Under Proposition 13, music education in California elementary schools could have easily disappeared due to the lack of state funding. Fortunately, private funding has stepped up in many communities — for example, Berkeley’s 1986 local tax, the Berkeley Schools Excellence Project (BSEP). Almost $2 million of Berkeley’s funds for music and the visual performing arts came from the BESP this past year. Join us as Michael Hammond, a native of Berkeley’s public schools and current music teacher for the community, tells his stories of teaching music to Berkeley’s newest generation and making music matter in their lives.

Music Matters

Wed 8/26

Image - Mozart and Masonic Semiotics

Mozart and Masonic Semiotics

Date: Wed, August 26, 2015
Time: 6:00 PM
With Mozart scholar Steven Machtinger

Steven Machtinger, Attorney; Violist; Independent Mozart Scholar

This program is part of the 2015 Platforum series Music Matters, sponsored by Ernst & Young and the John and Marcia Goldman Foundation.

Steven Machtinger and the London Quintet return to The Commonwealth Club for the Music Matters series, this time exploring how Mozart expressed Masonic attitudes toward death and immortality in the third movement of his "G minor String Quintet" of 1787. 

Music Matters

Thu 8/27

Image - Changing Times and Indian Classical Music

Changing Times and Indian Classical Music

Date: Thu, August 27, 2015
Time: 6:00 PM

Mahesh Kale, Indian Classical Music Performer and Theoretician

This program is part of the 2015 Platforum series Music Matters, sponsored by Ernst & Young and the John and Marcia Goldman Foundation.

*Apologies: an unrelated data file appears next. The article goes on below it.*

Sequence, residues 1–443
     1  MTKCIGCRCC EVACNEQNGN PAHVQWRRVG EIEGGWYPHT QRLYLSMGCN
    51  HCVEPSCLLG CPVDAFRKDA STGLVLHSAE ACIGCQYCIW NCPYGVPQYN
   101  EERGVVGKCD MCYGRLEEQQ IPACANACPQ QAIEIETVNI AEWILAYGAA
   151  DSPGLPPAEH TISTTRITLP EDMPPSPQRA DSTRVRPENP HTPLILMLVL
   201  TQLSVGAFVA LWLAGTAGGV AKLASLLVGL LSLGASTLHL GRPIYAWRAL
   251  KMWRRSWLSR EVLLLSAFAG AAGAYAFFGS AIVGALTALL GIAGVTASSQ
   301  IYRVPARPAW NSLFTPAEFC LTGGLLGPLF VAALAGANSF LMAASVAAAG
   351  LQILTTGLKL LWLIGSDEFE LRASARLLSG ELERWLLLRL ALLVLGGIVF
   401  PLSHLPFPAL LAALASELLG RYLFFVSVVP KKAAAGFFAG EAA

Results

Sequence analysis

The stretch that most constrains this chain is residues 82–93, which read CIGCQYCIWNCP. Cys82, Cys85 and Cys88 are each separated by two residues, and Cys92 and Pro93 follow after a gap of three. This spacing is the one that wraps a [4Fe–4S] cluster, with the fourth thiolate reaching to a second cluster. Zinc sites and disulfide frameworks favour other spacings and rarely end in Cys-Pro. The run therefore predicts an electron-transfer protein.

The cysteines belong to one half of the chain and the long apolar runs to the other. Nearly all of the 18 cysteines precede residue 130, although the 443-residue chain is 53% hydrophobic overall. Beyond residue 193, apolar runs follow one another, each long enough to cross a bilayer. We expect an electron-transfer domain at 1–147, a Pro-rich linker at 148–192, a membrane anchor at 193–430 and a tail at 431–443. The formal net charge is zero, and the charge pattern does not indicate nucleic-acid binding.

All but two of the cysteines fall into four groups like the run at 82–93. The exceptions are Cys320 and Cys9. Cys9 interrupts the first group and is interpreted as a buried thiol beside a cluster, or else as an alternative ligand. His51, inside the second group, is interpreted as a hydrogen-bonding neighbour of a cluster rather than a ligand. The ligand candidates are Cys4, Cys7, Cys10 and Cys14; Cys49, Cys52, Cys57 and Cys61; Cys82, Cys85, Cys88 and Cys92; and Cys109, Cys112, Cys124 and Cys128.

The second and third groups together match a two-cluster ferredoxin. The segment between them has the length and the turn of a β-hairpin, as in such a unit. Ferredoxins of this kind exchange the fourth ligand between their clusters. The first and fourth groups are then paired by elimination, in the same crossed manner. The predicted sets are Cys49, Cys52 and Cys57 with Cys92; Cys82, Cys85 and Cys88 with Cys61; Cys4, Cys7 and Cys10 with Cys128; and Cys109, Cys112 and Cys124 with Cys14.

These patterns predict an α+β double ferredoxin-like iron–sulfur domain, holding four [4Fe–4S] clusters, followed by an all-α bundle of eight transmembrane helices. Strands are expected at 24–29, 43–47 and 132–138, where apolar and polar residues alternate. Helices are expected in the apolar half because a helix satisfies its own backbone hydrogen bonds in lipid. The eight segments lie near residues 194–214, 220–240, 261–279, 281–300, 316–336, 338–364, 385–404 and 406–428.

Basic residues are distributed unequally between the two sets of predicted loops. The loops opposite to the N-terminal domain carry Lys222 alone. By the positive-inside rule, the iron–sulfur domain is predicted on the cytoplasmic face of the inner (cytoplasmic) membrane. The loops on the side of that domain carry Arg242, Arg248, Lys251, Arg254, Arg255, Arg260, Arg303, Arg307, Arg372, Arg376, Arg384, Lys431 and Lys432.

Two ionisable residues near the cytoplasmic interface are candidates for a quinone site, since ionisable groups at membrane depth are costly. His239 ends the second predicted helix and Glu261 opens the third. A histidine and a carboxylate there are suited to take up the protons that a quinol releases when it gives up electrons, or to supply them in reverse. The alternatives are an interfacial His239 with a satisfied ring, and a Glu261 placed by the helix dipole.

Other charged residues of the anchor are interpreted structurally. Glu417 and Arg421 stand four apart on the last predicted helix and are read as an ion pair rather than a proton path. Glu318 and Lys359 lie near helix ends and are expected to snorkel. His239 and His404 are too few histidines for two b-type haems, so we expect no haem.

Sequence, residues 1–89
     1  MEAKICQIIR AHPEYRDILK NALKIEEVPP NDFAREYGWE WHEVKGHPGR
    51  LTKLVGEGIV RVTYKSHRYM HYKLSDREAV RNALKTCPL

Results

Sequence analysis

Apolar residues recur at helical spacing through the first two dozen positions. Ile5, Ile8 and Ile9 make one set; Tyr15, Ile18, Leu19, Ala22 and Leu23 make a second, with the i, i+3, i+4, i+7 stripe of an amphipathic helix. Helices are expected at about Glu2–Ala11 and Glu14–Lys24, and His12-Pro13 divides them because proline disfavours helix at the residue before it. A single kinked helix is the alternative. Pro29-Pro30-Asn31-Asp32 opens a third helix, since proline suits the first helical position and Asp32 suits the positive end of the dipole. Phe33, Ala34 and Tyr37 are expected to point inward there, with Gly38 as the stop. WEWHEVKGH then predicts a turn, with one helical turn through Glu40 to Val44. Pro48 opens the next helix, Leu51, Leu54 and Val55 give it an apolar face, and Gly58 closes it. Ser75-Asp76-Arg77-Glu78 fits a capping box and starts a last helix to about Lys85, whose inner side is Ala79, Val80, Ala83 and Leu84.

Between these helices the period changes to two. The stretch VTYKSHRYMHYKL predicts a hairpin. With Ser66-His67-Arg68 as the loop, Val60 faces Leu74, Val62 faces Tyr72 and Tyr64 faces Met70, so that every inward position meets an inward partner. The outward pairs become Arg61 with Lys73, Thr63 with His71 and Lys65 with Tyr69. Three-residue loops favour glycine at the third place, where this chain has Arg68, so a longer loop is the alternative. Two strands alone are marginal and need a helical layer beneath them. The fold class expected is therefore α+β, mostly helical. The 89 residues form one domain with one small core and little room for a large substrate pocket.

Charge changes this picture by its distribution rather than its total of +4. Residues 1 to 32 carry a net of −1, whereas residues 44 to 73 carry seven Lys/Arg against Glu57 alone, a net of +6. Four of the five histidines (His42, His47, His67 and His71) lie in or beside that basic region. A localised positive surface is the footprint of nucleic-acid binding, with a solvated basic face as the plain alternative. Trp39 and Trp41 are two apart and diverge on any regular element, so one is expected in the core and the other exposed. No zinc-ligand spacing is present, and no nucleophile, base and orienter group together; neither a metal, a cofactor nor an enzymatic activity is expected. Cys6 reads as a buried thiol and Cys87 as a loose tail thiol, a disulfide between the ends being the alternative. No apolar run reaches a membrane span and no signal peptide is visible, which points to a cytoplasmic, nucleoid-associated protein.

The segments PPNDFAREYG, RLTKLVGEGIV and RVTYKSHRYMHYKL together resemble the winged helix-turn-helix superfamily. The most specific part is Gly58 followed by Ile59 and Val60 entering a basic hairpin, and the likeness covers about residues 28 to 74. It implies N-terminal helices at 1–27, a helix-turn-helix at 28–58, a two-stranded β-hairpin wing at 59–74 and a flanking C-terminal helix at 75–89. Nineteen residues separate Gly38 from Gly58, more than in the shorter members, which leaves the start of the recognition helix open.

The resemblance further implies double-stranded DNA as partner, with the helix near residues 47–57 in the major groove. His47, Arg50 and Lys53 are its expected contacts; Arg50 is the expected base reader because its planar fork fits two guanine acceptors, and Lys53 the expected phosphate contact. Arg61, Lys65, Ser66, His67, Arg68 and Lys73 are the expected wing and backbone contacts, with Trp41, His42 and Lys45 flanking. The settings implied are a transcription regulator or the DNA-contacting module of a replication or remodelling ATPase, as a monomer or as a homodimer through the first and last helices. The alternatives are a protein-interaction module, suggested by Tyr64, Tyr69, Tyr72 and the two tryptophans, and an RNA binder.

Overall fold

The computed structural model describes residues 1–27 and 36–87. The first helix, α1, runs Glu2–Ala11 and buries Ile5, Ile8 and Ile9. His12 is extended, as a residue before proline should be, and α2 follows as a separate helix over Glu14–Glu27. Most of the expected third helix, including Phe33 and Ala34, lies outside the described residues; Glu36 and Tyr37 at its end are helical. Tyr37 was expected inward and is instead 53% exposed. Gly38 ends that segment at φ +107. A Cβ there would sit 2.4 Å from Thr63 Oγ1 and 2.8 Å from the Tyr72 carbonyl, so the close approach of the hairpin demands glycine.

Since the time of its evolution, a few thousand years ago, Indian classical music has undergone several changes in its form. Every time there was a social impact on Indian civilization, its classical music morphed beautifully, lending itself to the changing times. Kale's talk will touch upon how the music adapted itself to major social impacts right up to the recent times of globalization, which poses a new challenge to the music and its followers, yet continues to demonstrate how much music matters.

Music Matters

Thu 9/10

Image - Analyzing Police Encounters with the Public: Some Methods for Reducing t

Analyzing Police Encounters with the Public: Some Methods for Reducing the Use of Force

Date: Thu, September 10, 2015
Time: 6:00 PM
Examining research into techniques to diffuse explosive situations

Geoffrey Raymond, Professor and Director of Graduate Studies, Department of Sociology, UC Santa Barbara
Nikki Jones, Professor of African American Studies, UC Berkeley

Police encounters with suspects and protesters ripped straight from the headlines of 2015 give the impression of an unavoidable descent into violence and chaos. However, the timely research of Professors Raymond and Jones show a way forward. Their results make it clear that various methods have been developed and successfully implemented that both reduce police overreaction during dangerous situations and diminish the tendency for such situations to get out of hand to begin with.

Mon 9/14

Image - Crime and Punishment

Crime and Punishment

Date: Mon, September 14, 2015
Time: 6:00 PM
With author and former SFPD and FBI agent John Mindermann

John Mindermann, Author, In Pursuit